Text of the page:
SAFA Women's U-20 team

Image: South African Football Association.

SA Women’s U-20 team flock for World Cup

Following Banyana Banyana’s historic exploits in Australia and New Zealand, the Women’s U-20 are buzzing to show what they got.

SAFA Women's U-20 team

Image: South African Football Association.

The road to the 2024 FIFA Women’s U-20 World Cup is starting. South Africa’s Basetsana will kick off qualifiers against Burundi.

ALSO READ: Kaizer Chiefs star trains alone ekasi

ALSO READ: Ex-Pirates star opens up on losing his wife


With the World Cup taking place in Colombia from 5-20 September in 2024, Africa is in the process of determining the two best nations to represent the continent.

Mzansi’s Basetsana, who failed to qualify for the World Cup in 2022, will take on Burundi in the second-round qualifiers in October before the third round in November.

ALSO READ: Rhulani reveals three Sundowns weapon players

ALSO READ: Bad news for Chiefs and Serero fans

Lastly, four nations will emerge from the third round to begin a round-robin format to determine two representatives for Africa at the FIFA U-20 Women’s World Cup.


In the meantime, SA Women’s U-20 coach, Maude Khumalo, has selected a massive squad of 44 players that will later be reduced to 24 by 29 August.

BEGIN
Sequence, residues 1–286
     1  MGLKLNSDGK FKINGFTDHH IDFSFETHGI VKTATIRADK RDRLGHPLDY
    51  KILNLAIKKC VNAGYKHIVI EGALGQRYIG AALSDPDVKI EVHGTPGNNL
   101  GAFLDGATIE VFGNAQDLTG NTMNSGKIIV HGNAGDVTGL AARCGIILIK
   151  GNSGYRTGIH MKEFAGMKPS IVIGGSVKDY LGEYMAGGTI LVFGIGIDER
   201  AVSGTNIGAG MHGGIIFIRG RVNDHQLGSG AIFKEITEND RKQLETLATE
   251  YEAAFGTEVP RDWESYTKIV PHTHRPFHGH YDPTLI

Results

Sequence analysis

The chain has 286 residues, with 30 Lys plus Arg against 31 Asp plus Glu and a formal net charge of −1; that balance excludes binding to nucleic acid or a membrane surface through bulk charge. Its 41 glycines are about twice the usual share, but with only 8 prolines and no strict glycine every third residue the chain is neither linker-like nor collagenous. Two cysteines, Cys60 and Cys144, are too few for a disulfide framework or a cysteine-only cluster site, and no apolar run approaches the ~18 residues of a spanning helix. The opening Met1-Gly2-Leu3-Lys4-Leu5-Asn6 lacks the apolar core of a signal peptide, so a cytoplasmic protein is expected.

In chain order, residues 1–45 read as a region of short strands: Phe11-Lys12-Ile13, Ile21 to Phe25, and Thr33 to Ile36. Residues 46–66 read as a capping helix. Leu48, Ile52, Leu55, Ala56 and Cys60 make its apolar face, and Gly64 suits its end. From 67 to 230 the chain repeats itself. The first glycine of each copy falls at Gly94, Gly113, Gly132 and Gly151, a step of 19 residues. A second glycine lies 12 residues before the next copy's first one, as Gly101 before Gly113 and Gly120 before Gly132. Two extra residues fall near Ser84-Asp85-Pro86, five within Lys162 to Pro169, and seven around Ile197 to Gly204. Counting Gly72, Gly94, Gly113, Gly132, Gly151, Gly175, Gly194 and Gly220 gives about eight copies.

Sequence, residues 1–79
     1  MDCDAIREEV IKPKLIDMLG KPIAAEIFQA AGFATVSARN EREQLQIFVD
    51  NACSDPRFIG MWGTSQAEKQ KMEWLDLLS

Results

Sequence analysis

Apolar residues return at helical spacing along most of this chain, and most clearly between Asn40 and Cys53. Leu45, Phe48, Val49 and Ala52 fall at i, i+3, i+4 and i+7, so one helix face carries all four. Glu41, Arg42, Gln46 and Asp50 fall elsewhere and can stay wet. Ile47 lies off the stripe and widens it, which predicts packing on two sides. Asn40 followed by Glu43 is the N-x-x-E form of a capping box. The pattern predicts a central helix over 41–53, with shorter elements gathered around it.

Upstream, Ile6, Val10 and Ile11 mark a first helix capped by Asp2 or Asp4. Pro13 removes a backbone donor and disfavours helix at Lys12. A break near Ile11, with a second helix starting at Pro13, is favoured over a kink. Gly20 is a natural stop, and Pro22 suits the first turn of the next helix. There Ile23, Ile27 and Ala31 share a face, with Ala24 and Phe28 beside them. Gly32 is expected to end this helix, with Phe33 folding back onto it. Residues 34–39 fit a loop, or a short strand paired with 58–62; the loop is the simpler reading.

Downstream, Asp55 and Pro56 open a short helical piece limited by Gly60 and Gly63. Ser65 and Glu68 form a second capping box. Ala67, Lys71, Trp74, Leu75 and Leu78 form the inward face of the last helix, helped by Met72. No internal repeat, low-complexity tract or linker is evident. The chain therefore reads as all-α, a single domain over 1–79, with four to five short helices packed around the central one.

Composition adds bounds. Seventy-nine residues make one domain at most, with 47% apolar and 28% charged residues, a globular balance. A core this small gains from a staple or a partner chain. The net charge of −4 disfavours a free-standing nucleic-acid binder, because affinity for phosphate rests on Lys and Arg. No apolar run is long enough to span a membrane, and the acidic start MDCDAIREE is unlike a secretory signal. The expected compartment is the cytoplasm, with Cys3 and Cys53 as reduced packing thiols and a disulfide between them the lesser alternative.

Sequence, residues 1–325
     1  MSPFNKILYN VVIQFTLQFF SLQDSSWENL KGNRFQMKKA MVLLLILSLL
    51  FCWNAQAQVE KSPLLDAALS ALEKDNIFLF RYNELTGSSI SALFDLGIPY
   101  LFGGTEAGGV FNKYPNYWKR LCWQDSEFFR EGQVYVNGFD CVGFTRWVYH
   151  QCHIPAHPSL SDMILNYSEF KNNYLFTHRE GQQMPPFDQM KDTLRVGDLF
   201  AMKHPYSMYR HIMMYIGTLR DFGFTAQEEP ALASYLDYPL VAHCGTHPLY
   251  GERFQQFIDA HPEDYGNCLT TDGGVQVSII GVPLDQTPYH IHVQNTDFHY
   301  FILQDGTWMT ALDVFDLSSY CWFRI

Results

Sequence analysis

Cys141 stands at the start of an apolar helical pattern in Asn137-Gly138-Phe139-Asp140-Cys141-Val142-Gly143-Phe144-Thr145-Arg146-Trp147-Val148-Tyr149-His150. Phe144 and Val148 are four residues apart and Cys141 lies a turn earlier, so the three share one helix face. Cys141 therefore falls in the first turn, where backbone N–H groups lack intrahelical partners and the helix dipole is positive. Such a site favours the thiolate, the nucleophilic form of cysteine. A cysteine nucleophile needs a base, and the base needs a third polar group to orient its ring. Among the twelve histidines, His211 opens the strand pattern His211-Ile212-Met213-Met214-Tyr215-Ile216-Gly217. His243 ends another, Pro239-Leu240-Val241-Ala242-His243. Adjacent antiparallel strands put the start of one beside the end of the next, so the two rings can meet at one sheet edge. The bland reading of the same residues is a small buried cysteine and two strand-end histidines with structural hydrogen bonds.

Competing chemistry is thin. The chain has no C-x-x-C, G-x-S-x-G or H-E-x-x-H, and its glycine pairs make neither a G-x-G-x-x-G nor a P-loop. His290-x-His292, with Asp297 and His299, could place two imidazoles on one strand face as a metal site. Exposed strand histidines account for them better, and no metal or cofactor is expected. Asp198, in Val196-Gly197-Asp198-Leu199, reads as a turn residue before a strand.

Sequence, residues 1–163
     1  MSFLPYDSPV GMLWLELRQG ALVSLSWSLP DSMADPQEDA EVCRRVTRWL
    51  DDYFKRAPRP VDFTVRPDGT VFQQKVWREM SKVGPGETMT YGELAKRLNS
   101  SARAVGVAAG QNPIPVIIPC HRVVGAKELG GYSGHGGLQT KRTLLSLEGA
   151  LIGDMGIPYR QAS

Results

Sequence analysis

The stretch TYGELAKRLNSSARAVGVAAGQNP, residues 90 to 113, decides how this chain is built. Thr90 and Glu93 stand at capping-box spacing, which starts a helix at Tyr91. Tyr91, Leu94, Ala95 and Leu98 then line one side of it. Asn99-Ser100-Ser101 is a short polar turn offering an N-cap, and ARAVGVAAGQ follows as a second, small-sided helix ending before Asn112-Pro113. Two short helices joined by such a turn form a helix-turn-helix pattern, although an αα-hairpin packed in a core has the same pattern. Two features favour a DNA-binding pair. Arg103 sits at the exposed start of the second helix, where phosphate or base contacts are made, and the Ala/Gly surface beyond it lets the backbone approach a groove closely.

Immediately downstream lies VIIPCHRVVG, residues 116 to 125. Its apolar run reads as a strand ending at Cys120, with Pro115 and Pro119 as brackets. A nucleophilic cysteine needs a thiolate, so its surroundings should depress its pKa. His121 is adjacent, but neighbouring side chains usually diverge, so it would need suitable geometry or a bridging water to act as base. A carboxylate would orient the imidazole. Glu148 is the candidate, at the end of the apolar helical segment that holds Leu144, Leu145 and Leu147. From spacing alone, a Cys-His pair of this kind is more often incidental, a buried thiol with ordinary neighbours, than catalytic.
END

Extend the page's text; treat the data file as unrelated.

“This training camp will be conducted with an eye on the World Cup qualifiers. It will assist us with looking at new players that have been there within the system before, and also new personnel. This is to help us find the best players that can represent the country very well,” Khumalo said via SAFA.

Khumalo added to highlight the work is coming tightly after the recent Senior Women’s World Cup, where Banyana Banyana historically qualified for the second round.

“It was not going to be easy to prepare because everything is happening almost at the same time. The main focus was Banyana Banyana at the World Cup.

“We also knew that the Under-17s and the Under-20s would start their qualifiers at the same time. I think what we need to do is to use the time we have to our best of our abilities in terms of making sure that we have friendlies, at least three.

“This will help us see if the team is gelling very well. Yes, there is something planned because the whole idea is that we can’t just go play qualifiers without playing any friendly matches. So I think friendly games  will help us a lot because the time is limited (before the qualifiers).

“The most important thing is to have the players playing friendlies so that we can see how they play together. It will be then easier for us as coaches to see our shortcomings and if there are players that need to be a part of the team that we didn’t select, it will help us going forward,” Khumalo concluded.


You can find more articles from Siseko Gwegwe here.